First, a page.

Why, with all the truly flammable materials found in a typical home, is the safety of the one wood-based construction product that is always manufactured to be fire retardant so frequently questioned? Possibly it is because the makers of other products find it extremely difficult to compete with cellulose on any other basis. Cellulose is simply better insulation, and, as more and more tests are demonstrating, it's safer insulation, too.
Ever since cellulose insulation was first marketed in the 1920s sellers of competing products have raised questions about the safety of the material. These questions are based on legitimate concerns. Cellulose insulation is an organic material. (It’s made from recycled paper pulp.) Without special processing organic materials will burn.
Of course, if organic materials are automatically assumed to be fire hazards, most building materials used in the United States are hazardous, and most residential and commercial buildings are dangerous structures.
Cellulose insulation is one of the few wood based building materials that is always treated for fire retardancy and is covered by industry and government standards. Wood framing members, wood floor and roof underlayment, wood siding, wood casegoods, and many other common wood items are not usually treated for fire resistance.
Petroleum-based materials in siding, roofing, ducts, flooring, floor coverings, wall coverings, and upholstery are not usually fire resistant. Why, with all the truly flammable materials found in a typical home, is the safety of the one construction product that is always manufactured to be fire resistant so frequently questioned? Possibly it's because other products find it difficult to compete with cellulose insulation on any other basis. Cellulose is simply better insulation. Early investigations
The Fire Hazard Case Against Cellulose Insulation is based on a few surveys that apparently found a high incidence of non-compliance with government and industry standards in samples of cellulose insulation taken from homes. These studies were done by the U.S. Consumer Products Safety Commission in the late 1970s, and more recently by the California Bureau of Home Furnishings and by the CertainTeed Corporation, a maker of glass fiber insulation.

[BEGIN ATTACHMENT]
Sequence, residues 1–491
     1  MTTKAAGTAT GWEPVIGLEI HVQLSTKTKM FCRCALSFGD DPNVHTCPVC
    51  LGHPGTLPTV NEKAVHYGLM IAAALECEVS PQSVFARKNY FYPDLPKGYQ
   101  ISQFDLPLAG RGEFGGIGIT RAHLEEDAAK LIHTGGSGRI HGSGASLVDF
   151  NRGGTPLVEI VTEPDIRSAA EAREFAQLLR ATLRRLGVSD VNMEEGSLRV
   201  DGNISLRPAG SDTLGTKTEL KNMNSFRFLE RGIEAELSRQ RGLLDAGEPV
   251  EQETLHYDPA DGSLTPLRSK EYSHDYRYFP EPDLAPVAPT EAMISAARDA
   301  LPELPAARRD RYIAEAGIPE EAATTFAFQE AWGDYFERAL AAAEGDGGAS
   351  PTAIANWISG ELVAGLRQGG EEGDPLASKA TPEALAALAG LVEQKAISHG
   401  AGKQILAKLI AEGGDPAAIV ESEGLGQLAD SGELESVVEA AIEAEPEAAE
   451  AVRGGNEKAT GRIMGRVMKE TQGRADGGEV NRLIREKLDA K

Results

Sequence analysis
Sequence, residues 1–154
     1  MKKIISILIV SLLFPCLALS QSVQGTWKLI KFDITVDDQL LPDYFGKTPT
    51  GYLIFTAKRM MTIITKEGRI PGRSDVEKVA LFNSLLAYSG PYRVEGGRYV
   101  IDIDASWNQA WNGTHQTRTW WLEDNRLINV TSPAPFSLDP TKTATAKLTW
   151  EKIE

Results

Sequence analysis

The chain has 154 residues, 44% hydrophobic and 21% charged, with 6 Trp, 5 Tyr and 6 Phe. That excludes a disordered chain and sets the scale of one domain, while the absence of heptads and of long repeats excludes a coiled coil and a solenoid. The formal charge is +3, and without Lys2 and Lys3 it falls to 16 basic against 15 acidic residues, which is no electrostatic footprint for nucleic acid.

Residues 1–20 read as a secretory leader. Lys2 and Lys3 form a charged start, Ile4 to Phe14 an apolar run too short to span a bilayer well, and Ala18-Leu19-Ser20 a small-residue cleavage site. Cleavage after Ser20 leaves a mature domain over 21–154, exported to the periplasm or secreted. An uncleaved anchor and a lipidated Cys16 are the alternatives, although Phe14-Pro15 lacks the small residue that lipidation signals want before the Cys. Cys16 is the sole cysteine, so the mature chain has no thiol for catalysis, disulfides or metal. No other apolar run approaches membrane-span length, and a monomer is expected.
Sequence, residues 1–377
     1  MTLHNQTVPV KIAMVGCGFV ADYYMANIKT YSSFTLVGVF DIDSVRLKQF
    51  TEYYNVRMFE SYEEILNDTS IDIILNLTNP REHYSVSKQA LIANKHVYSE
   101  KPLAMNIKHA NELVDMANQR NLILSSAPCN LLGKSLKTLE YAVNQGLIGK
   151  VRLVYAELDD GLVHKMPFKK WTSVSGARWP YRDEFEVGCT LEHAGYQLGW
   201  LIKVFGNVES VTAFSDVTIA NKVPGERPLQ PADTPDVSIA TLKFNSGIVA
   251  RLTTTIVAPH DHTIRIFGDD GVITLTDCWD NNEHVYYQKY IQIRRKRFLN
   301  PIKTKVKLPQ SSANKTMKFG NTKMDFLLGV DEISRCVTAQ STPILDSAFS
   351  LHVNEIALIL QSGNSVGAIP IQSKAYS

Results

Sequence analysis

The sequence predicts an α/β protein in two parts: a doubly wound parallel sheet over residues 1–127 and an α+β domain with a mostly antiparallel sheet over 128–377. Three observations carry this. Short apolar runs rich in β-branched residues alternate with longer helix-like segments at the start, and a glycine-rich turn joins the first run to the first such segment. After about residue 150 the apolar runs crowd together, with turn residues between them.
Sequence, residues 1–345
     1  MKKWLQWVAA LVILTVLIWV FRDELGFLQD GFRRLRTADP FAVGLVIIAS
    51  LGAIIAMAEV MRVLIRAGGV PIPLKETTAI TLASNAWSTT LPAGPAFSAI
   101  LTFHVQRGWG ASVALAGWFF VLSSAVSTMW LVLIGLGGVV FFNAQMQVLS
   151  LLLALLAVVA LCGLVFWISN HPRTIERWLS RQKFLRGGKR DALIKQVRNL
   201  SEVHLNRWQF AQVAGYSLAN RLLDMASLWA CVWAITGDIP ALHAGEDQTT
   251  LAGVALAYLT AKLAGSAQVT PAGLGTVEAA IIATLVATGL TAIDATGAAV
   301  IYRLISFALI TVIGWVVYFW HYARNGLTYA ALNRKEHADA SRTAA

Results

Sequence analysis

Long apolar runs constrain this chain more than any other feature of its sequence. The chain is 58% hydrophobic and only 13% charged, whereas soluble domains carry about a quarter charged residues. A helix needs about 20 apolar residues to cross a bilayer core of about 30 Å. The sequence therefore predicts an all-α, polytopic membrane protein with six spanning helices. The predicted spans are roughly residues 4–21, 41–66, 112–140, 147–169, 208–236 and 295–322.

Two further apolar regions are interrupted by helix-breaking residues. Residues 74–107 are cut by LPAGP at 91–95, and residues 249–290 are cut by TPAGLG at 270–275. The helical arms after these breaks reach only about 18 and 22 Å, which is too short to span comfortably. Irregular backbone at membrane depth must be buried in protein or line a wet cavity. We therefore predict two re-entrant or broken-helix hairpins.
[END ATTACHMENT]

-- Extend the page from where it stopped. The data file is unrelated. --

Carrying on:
None of the studies have had rigorous scientific review and independent confirmation, but they do merit careful assessment. The CPSC is one organization that has made such an assessment.
Because of its findings CPSC kept close watch on the cellulose insulation issue. As more and more experience accumulated it became apparent there was no significant increase in the number of so-called “insulationrelated fires” involving cellulose.
In the fall of 1985 CPSC requested Congress to repeal the federal cellulose flammability standard. Representatives of the Commission testified that the “cellulose flammability standard was not necessary to assure the safety of cellulose insulation and should be repealed by the Congress.”
While CPSC was arriving at this conclusion David T. Darby, assistant chief with the Oklahoma City Fire Department, became concerned about the “cellulose hazard" after noticing an increase in the number of attic fires associated with home weatherization programs.
To his surprise a study of “insulationrelated fires” revealed that such fires involved mineral fiber insulation and cellulose at rates that paralleled the market shares of the materials. Cellulose, turned out to be no more hazardous than mineral fiber insulation! He looked farther and found there was a common factor in virtually all “insulation-related fires” — recessed lighting. The hazard arbitrarily attributed to cellulose insulation was equally applicable to all insulation.
These findings have been confirmed in other states. In California, where another study apparently revealed a high incidence of nonconforming cellulose insulation, a state task force studied over 2 million house fires and reported:
- There does not appear to be a significant number of fires related to any particular manufacturer’s product, and
- Heat-producing devices and electrical short circuits were major factors in insulated-related fires.
Even when a fire is classified as “insulation-related,” the insulation is seldom the first material to ignite. In the vast majority of cases a heat-producing device, such as a recessed lighting fixture, is covered by insulation. Heat builds up and is conducted through wiring or metal brackets to a wood structural member. The wood, or electrical insulation, usually ignites first. Exploiting fear
The makers of mineral fiber insulation represent fire as a “given” hazard of cellulose insulation, in spite of the vast amount of contradictory data. In 1980 the Mineral Insulation Manufacturers Association, now known as the North American Insulation Manufacturers Association, published a “technical bulletin” based on the original CPSC study. Additional NAIMA publications with distorted fire hazard claims have appeared at regular intervals since then.